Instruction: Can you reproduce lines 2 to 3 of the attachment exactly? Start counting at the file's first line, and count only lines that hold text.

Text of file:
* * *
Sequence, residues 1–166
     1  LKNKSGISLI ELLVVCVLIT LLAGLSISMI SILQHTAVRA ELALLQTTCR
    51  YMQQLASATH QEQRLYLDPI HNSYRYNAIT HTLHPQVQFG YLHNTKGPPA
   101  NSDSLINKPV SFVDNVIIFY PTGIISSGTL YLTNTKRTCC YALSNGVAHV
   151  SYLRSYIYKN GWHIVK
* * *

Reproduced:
     1  LKNKSGISLI ELLVVCVLIT LLAGLSISMI SILQHTAVRA ELALLQTTCR
    51  YMQQLASATH QEQRLYLDPI HNSYRYNAIT HTLHPQVQFG YLHNTKGPPA